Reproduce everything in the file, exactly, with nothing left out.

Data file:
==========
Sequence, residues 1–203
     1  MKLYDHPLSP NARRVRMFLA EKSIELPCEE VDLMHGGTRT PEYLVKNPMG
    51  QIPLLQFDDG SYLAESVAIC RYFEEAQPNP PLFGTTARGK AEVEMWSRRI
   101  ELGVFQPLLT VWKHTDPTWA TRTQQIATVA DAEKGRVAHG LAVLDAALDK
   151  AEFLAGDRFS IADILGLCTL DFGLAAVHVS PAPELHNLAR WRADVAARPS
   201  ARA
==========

Sequence, residues 1–203
     1  MKLYDHPLSP NARRVRMFLA EKSIELPCEE VDLMHGGTRT PEYLVKNPMG
    51  QIPLLQFDDG SYLAESVAIC RYFEEAQPNP PLFGTTARGK AEVEMWSRRI
   101  ELGVFQPLLT VWKHTDPTWA TRTQQIATVA DAEKGRVAHG LAVLDAALDK
   151  AEFLAGDRFS IADILGLCTL DFGLAAVHVS PAPELHNLAR WRADVAARPS
   201  ARA